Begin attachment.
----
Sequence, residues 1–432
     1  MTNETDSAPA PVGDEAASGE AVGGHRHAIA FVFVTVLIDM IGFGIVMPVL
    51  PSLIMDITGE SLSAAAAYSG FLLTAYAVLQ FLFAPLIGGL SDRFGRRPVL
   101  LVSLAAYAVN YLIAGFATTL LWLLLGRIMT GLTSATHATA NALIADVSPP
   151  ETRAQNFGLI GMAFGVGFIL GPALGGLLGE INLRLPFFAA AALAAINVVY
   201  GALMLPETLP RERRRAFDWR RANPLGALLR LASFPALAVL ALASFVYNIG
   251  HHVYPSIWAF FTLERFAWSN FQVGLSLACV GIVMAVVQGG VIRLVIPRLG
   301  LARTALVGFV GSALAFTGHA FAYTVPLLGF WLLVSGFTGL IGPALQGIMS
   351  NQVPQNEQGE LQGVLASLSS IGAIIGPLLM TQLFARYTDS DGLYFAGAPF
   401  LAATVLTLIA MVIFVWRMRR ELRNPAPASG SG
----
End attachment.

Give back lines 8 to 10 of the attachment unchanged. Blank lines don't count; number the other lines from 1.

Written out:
   301  LARTALVGFV GSALAFTGHA FAYTVPLLGF WLLVSGFTGL IGPALQGIMS
   351  NQVPQNEQGE LQGVLASLSS IGAIIGPLLM TQLFARYTDS DGLYFAGAPF
   401  LAATVLTLIA MVIFVWRMRR ELRNPAPASG SG